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Leasing has become a preferred form of equipment financing,Guest Posting accounting for more than 30% of business equipment acquisitions. Each year, thousands of U.S. companies face the challenge of finding attractive financing to acquire business equipment. Many of these companies approach the lease sourcing process seeking the lowest lease rate. While securing a low rate is a worthwhile goal in choosing a leasing arrangement, it alone is usually not a reliable standard for obtaining the best lease transaction or leasing experience.
To obtain attractive lease proposals and to avoid lease blunders, make sure you choose the right leasing companies to bid. Ultimately, the wrong lessor choice can result in a slow approval, inability of the lessor to deliver, hidden fees, substandard lease terms, or worst. To secure the best lease arrangement, you must do your homework in pre-qualifying bidding leasing companies. Give this aspect of obtaining an attractive lease arrangement your highest priority.
How Leasing Companies Differ
Leasing companies can vary in a number of ways. Some specialize in specific industries, some in lease types, some in certain equipment types, and still others in transaction sizes. For example, some leasing companies specialize only in a single industry like health care, printing, agriculture, or transportation. Others focus exclusively on a lease type. They may only offer operating leases for equipment with attractive residual values. Some lessors specialize in full-payout finance leases. Still others focus on small ticket transactions with equipment cost under $ 100,000. It is important to understand the specialization of the lessors bidding on your lease transaction. To get the most attractive deal and to avoid the run-around, stick with lessors who focus on the type of transaction you are seeking.
Leasing companies also differ in resources and capabilities. Many large leasing companies are owned by banks, financial companies, or other large industrial concerns. These firms usually have abundant resources and expertise in a number of leasing segments. Mid-size and smaller leasing companies greatly outnumber large lessors. While these companies cannot match the resources of their larger brethren, they often have highly skilled professionals, sufficient resources and more flexibility to meet lessee needs. The goal is to obtain the best leasing arrangement for your firm. By establishing priorities for the leasing arrangement you are seeking, you will be able to determine whether a leasing firm with sizeable resources or one that is nimble and flexible is a better choice.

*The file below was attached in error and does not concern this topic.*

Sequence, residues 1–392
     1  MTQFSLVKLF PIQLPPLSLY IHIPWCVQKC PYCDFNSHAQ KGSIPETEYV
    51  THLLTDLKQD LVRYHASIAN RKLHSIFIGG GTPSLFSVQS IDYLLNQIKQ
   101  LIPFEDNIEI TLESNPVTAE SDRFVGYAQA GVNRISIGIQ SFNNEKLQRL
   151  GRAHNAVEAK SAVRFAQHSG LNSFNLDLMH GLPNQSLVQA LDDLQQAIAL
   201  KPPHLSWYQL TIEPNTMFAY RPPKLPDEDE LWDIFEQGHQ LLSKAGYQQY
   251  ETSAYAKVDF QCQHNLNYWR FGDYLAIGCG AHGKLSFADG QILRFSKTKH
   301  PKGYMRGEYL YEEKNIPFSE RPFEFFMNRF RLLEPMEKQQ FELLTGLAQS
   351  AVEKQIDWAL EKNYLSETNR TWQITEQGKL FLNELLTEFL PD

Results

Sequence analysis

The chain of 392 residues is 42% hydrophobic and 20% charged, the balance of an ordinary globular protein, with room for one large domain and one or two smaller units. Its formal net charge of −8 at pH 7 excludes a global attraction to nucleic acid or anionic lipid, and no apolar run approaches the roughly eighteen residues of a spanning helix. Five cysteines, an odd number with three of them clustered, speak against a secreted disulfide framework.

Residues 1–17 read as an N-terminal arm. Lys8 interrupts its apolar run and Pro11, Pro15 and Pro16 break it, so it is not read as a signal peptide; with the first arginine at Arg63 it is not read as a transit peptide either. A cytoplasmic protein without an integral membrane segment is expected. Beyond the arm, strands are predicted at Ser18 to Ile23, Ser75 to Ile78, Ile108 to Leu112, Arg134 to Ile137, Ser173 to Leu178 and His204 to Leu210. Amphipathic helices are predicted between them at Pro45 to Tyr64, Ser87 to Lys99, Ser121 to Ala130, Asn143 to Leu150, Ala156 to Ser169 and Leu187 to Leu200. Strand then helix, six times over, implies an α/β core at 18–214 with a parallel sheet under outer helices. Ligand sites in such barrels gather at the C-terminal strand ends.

When And Where To Look
The time to start your search for a leasing company is early in the lease-planning phase, once you have established criteria for a leasing arrangement. Some criteria to consider for a leasing arrangement are: pricing, monthly cash outlay, financial statement impact, the appropriate lease type, lease term, lease flexibility, lease facility size, and whether your equipment will be accepted for lease. Use criteria like these and the qualities you are seeking in a leasing company to start your lessor search.
A great starting point for finding bidding leasing companies is through professional and personal referrals. Check with your attorney, your accountant, bank contacts and colleagues in your industry. Also ask friends and acquaintances who use leasing in their businesses. Asked them for contacts at leasing companies that specialize in your industry or that offer the type of lease you are seeking. Call your industry association and ask whether they have names of leasing companies serving others in your industry.
Another approach is to call a couple of the major equipment leasing trade associations. Major association websites include: www.elaonline.com, www.eael.org, www.uael.org, www.naelb.org, www.aglf.org, www.mael.org, and www.nvla.org. Describe the type of equipment and the industry you are in. Ask whether they are in a position to provide you with a list of members to contact regarding your lease. If you receive such a list, you may need to narrow the candidates based on further homework and the criteria you have established.
Evaluating Leasing Companies
Qualities to look for in any leasing company you consider include: 1) experience and expertise; 2) reputation; 3) ability to perform; and 4) a relationship approach.
Interview prospective bidders carefully. Discuss their expertise and experience in the leasing business. Ask about experience with the type of transaction you are seeking, involvement with similar firms in your industry, and the types of lease products they offer firms like yours. Discuss your equipment needs. Find out whether they will be able to lease most of the equipment you need. Ask whether they will finance your lease using internal funding or whether they will broker the lease to another funding source.
Get enough information from and about bidding lessors to decide whether to include them in the bid process. If possible, ask for financial information from potential bidders to evaluate their financial condition. Also, if you can, obtain a Dunn and Bradstreet report (“D&B”) for each bidder. In the D&B report, look for lawsuits filed against the lessor, judgments, severe payment delinquencies, poor financial performance and similar issues that might impact performance on a new lease transaction.